Last update Dec. 2, 2022
Although in some published series no breastfeeding problems have been found (Jewell 2019), after breast augmentation surgery with silicone or saline implants there is an increased risk of insufficient breastfeeding (Marcacine 2018), so the incidence of exclusive breastfeeding is lower (Cheng 2018, Schiff 2014, Andrade 2010, Zuckerman 2010), which implies having competent support for breastfeeding mothers with breast implants. (Roberts 2015)
The factors involved are multiple:
Rare complications are galactorrhea, which is usually transient and treatable, galactoceles, rotation of the prosthesis, seroma, and excessive postpartum inflammation. (Zolotykh 2019, Basile 2015, Irkoren 2013, Meggiorini 2013, Yang 2012, Ayestaray 2012, Tung 2011, Chun 2009)
Most breast implants contain silicone, which is a polymer of silicon-oxygen-methyl atoms of high molecular weight, which makes it practically impossible for the infant to pass into milk in significant quantities as well as subsequent intestinal absorption. This makes them safe for breastfeeding even in case of breakage or manufacturing defects (Poly Implant Prothèse, PIP). After exhaustive analysis of the silicone of these prostheses, a lack of risk to health was demonstrated. (SCENIHR 2013)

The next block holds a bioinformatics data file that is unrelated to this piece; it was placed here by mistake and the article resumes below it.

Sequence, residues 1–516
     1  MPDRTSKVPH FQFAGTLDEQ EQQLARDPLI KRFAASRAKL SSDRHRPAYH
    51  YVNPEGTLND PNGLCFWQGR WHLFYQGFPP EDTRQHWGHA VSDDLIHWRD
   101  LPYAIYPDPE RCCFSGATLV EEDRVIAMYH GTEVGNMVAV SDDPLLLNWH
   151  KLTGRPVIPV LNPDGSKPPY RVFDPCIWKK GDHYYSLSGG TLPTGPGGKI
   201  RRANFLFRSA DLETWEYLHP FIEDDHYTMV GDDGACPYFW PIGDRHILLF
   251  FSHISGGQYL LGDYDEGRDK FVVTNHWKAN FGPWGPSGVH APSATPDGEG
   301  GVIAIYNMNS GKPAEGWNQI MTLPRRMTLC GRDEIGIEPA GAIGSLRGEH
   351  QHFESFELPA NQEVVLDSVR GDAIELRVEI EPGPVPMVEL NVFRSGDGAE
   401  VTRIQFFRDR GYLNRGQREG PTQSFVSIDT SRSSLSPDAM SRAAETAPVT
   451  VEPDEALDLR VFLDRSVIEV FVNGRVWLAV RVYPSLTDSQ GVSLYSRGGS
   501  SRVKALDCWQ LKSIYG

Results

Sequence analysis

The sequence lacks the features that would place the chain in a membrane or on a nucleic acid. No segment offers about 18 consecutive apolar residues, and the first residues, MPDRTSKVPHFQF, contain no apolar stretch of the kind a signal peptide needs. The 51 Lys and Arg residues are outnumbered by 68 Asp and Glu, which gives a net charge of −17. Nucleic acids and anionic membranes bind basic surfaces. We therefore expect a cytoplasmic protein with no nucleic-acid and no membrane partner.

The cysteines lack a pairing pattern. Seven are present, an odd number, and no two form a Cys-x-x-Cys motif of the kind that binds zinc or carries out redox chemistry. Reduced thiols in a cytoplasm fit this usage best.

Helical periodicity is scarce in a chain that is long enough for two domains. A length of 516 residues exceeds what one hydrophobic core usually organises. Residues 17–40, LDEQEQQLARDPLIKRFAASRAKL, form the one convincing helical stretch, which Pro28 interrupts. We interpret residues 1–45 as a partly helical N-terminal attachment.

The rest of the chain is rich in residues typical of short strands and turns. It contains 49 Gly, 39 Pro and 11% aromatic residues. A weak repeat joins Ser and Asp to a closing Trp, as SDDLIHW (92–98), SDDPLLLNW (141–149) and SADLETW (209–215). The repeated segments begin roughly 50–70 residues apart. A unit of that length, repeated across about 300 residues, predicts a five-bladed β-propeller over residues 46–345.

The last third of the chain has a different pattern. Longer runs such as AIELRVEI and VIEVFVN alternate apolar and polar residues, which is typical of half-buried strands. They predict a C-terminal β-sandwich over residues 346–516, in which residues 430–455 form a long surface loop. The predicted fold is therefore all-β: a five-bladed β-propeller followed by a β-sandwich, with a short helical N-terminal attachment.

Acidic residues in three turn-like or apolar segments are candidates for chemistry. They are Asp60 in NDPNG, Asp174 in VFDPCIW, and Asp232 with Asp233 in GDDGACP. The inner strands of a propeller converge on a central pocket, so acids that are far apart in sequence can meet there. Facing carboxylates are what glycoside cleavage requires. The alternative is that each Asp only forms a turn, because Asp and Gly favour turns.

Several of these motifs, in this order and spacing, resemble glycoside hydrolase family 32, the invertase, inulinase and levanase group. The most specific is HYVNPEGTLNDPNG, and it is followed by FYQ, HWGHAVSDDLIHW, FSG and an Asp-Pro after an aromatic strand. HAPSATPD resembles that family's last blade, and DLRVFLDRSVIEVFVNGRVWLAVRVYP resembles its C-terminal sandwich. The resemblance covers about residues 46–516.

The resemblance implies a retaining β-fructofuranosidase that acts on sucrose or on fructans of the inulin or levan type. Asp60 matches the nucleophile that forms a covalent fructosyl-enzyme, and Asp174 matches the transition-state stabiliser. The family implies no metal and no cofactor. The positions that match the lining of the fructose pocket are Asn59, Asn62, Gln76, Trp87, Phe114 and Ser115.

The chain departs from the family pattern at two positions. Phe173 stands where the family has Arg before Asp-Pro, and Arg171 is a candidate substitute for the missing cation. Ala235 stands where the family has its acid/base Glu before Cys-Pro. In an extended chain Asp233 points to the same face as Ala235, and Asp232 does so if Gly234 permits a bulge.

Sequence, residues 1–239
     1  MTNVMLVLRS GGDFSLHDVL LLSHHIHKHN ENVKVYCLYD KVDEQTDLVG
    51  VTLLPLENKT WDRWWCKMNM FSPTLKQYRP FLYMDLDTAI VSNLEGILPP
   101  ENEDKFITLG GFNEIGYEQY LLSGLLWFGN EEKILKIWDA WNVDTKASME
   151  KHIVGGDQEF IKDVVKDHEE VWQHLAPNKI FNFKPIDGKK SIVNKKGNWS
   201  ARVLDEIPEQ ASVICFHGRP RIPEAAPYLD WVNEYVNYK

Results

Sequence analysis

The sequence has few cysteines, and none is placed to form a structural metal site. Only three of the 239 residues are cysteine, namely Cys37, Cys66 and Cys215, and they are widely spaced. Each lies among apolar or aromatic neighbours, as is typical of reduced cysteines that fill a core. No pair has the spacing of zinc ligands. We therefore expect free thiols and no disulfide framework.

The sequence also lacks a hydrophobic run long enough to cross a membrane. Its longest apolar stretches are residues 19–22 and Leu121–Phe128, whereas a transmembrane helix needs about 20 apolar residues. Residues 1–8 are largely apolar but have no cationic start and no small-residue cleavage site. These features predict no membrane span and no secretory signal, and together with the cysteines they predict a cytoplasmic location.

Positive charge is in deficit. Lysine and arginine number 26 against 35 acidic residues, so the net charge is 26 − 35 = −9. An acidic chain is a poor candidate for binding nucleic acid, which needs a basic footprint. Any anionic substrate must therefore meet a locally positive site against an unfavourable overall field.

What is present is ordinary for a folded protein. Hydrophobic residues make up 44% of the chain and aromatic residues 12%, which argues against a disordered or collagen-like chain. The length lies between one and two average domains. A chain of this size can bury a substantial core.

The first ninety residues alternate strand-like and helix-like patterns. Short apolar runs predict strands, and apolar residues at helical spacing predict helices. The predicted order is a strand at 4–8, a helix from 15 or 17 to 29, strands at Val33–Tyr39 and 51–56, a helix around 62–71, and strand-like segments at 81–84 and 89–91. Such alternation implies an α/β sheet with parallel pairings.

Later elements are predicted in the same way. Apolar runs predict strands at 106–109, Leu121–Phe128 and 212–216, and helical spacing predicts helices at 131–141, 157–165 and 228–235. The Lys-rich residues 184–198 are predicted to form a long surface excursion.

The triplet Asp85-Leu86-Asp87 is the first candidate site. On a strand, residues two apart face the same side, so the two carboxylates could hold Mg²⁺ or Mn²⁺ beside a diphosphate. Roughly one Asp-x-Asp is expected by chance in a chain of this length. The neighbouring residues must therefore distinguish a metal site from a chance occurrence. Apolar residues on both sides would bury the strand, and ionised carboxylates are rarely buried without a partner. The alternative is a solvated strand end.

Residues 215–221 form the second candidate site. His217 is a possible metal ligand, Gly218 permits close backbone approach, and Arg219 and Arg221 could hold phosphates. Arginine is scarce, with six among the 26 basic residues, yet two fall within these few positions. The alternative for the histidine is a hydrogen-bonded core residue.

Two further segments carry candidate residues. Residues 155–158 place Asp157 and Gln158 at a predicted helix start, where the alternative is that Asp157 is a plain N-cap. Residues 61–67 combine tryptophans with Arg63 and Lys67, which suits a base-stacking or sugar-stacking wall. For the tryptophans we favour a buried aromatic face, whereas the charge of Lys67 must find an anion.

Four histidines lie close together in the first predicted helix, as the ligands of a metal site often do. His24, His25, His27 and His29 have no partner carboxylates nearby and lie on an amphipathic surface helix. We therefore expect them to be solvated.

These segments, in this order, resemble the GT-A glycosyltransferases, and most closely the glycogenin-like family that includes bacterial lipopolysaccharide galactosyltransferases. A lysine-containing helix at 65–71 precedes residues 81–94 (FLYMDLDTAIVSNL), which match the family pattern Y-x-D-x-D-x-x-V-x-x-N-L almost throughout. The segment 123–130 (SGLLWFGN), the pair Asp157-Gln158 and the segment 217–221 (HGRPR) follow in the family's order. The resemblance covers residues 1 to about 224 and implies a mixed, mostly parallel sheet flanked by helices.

The blood and milk silicone levels of women with implants, 55 ng/ml, are similar to those of women without implants, 51 ng/ml, 13 times lower than those found in cows’ milk, 709 ng/ml, and 80 times lower than those of commercial infant formulas, 4403 ng/ml. (Semple 2007 and 1998)
There is no evidence of toxic effects on the infant secondary to the mother wearing a breast, saline or silicone implant. (Preevid 2010)
Polyacrylamide hydrogel injections that have been used to increase breast volume in some countries are inadvisable because they present too many complications in and out of breastfeeding. (Bourke 2018, Wang 2012, Kang 2011, Cheng 2011).
Suggestions made at e-lactancia are done by APILAM team of health professionals, and are based on updated scientific publications. It is not intended to replace the relationship you have with your doctor but to compound it. The pharmaceutical industry contraindicates breastfeeding, mistakenly and without scientific reasons, in most of the drug data sheets.
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